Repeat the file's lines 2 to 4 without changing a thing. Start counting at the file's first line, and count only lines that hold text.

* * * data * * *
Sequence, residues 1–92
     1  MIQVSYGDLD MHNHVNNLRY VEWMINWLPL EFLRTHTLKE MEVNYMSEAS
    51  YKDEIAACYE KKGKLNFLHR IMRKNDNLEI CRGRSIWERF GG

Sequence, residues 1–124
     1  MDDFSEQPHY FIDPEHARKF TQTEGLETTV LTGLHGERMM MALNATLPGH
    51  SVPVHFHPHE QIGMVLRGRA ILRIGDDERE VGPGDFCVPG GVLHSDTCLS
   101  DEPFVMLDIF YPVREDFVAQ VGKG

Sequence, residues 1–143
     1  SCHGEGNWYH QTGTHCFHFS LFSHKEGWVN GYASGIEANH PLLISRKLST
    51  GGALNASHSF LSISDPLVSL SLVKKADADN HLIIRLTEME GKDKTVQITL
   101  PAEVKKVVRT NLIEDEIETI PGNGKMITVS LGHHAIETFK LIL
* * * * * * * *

     1  MIQVSYGDLD MHNHVNNLRY VEWMINWLPL EFLRTHTLKE MEVNYMSEAS
    51  YKDEIAACYE KKGKLNFLHR IMRKNDNLEI CRGRSIWERF GG

Sequence, residues 1–124